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Sex doll import continues to spark controversy

A court ruling allowing the import of life-size sex dolls is prompting controversy here. / Korea Times file
A court ruling allowing the import of life-size sex dolls is prompting controversy here. / Korea Times file

By Kim Jae-heun

A dispute over the Supreme Court's verdict to allow the import of life-size sex dolls from "Real Doll" has intensified here over its possible effects on society.

In June, the court ruled in favor of sex doll importer Bururu.com that sued the government customs agencies for blocking their imports. Judges ruled that the sex dolls are for personal use and as such the government should not interfere in such private affairs.

However, feminist groups here are opposing the import of sex dolls, saying it could induce sex-related crimes and it infringes on women's personal rights, since the options to customize the dolls could lead to the creation of replicas of real women.

Activist Park Ah-reum at the Korea Sexual Violence Relief Center pointed out that there are problems with the way sex doll importers promote their products.

"Promotional slogans commodifying women are an affront to women's rights," Park said.

Professor Kim Jong-gab at the Institute of Body & Culture of Konkuk University also agreed that sex dolls were a form of sexual objectification, but claimed it was not immoral.

"Sexual objectification constitutes one aspect of our culture and pornography and sex dolls are at the peak of it," Kim said. Sex doll products in Korea are not illegal but pornography is strictly controlled here.

However, a representative of Bururu.com, Lee Sang-jin, said using a sex doll constitutes self-determination and that his dolls can help disabled people resolve sexual desires.

"I started my business to make people happy and sex is a way to provide it," Lee said.

There are also concerns related to the sale of sex dolls that look like children. Currently, the products have not been imported here but many worry that if the government does not come up with regulations, it is only a matter of time before replicas of children become available.

Experts in the field warn the use of dolls that look like children could cause an increase in sex crimes targeting minors.

"It is clear that sex dolls that look like children were made to satisfy pedophilia," said Korea Association for Prevention of Child Abuse and Neglect President Lee Bae-geun. "If the sale of child sex dolls is permitted, crimes targeting children will increase."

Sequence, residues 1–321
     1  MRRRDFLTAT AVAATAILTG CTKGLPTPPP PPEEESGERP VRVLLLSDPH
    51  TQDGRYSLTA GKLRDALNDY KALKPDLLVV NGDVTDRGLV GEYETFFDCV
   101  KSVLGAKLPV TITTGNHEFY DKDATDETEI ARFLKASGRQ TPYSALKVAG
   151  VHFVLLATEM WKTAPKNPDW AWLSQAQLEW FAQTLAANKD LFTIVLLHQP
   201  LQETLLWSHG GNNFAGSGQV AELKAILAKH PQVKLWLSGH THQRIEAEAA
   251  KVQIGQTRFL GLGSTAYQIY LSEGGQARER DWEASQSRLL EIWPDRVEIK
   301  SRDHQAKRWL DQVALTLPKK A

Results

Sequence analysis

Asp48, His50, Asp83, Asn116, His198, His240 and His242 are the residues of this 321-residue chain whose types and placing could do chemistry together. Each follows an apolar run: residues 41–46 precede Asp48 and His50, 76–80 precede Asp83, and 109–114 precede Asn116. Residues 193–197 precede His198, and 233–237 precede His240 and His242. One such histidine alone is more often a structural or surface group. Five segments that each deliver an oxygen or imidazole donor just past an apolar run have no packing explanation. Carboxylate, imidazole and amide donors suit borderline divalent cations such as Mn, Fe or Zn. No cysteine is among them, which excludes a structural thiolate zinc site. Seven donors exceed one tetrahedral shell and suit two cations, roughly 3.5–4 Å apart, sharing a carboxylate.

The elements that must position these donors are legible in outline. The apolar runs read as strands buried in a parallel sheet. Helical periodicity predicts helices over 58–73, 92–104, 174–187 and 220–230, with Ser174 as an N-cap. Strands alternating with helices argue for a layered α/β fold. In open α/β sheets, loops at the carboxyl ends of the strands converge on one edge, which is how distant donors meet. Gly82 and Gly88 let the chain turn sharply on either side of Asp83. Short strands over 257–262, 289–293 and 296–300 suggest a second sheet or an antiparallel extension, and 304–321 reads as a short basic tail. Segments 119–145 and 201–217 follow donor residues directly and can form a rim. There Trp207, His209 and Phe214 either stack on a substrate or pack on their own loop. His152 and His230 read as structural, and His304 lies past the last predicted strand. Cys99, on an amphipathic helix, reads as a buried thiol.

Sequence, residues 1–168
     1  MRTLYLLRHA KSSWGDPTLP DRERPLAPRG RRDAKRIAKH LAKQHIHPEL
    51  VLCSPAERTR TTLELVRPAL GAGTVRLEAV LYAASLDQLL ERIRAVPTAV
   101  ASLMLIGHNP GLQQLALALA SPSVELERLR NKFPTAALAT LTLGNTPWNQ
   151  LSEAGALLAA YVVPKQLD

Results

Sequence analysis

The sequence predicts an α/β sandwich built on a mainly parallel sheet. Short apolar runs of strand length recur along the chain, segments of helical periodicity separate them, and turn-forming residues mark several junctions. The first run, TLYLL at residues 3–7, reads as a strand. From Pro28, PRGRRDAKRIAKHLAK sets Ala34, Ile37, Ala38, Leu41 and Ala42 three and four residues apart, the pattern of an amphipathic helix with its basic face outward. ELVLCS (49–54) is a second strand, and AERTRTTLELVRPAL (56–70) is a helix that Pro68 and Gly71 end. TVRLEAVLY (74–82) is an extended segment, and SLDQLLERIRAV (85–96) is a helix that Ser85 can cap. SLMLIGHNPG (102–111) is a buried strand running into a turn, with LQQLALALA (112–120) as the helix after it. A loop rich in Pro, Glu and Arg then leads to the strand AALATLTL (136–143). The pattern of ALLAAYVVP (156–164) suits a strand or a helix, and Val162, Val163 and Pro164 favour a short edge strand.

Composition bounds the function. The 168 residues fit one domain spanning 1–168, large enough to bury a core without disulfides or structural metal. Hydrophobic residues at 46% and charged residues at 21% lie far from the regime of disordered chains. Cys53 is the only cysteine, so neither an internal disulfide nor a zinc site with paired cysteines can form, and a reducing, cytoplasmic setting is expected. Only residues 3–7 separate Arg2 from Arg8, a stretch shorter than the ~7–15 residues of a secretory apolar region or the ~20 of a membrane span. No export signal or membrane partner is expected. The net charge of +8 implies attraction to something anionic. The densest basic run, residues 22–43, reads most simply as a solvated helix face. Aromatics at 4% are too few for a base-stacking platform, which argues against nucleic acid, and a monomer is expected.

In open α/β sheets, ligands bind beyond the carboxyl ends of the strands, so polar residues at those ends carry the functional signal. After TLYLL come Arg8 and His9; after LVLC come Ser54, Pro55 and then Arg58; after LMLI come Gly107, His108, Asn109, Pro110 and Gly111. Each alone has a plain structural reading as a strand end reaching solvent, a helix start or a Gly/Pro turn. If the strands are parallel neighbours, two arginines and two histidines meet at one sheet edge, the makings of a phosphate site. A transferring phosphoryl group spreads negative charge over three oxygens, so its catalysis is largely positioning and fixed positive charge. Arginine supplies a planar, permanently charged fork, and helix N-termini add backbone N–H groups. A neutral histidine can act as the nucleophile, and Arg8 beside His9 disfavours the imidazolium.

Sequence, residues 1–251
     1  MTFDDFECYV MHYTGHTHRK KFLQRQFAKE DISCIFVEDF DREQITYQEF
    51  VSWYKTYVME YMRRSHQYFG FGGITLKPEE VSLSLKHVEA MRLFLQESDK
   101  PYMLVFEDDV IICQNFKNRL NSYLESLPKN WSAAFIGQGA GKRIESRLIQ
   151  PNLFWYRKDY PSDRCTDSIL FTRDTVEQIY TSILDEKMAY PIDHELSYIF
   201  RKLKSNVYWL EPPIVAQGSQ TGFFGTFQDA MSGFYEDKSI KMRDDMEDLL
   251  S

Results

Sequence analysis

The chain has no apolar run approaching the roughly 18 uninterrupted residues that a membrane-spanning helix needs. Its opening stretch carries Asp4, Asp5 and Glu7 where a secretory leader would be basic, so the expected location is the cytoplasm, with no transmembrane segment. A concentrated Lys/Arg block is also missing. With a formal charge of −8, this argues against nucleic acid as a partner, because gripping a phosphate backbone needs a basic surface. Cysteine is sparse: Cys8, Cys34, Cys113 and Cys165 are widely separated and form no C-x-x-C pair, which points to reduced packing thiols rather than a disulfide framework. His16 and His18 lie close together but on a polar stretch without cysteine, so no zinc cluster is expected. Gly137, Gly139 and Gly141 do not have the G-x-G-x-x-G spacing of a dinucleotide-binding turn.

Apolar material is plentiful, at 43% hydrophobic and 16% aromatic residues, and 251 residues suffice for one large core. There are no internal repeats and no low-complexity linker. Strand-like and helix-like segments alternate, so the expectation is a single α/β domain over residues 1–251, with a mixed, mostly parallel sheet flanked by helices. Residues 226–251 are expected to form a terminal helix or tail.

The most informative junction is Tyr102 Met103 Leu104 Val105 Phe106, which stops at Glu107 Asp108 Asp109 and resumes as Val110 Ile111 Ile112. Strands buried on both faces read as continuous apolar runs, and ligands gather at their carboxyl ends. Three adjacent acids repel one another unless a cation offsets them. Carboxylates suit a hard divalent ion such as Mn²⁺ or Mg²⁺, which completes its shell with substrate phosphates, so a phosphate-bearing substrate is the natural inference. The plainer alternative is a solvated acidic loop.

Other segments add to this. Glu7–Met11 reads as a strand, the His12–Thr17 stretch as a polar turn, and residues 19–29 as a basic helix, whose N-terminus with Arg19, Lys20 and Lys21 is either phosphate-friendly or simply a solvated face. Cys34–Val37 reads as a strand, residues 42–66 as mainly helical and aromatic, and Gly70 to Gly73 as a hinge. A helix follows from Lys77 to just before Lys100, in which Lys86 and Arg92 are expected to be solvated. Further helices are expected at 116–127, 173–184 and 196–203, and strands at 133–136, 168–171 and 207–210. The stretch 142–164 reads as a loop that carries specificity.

A court ruling allowing the import of life-size sex dolls is prompting controversy here. / Korea Times file
A court ruling allowing the import of life-size sex dolls is prompting controversy here. / Korea Times file

By Kim Jae-heun

A dispute over the Supreme Court's verdict to allow the import of life-size sex dolls from "Real Doll" has intensified here over its possible effects on society.

In June, the court ruled in favor of sex doll importer Bururu.com that sued the government customs agencies for blocking their imports. Judges ruled that the sex dolls are for personal use and as such the government should not interfere in such private affairs.

However, feminist groups here are opposing the import of sex dolls, saying it could induce sex-related crimes and it infringes on women's personal rights, since the options to customize the dolls could lead to the creation of replicas of real women.

Activist Park Ah-reum at the Korea Sexual Violence Relief Center pointed out that there are problems with the way sex doll importers promote their products.

"Promotional slogans commodifying women are an affront to women's rights," Park said.

Professor Kim Jong-gab at the Institute of Body & Culture of Konkuk University also agreed that sex dolls were a form of sexual objectification, but claimed it was not immoral.

"Sexual objectification constitutes one aspect of our culture and pornography and sex dolls are at the peak of it," Kim said. Sex doll products in Korea are not illegal but pornography is strictly controlled here.

However, a representative of Bururu.com, Lee Sang-jin, said using a sex doll constitutes self-determination and that his dolls can help disabled people resolve sexual desires.

"I started my business to make people happy and sex is a way to provide it," Lee said.

There are also concerns related to the sale of sex dolls that look like children. Currently, the products have not been imported here but many worry that if the government does not come up with regulations, it is only a matter of time before replicas of children become available.

Experts in the field warn the use of dolls that look like children could cause an increase in sex crimes targeting minors.

"It is clear that sex dolls that look like children were made to satisfy pedophilia," said Korea Association for Prevention of Child Abuse and Neglect President Lee Bae-geun. "If the sale of child sex dolls is permitted, crimes targeting children will increase."


Kim Jae-heun jhkim@koreatimes.co.kr


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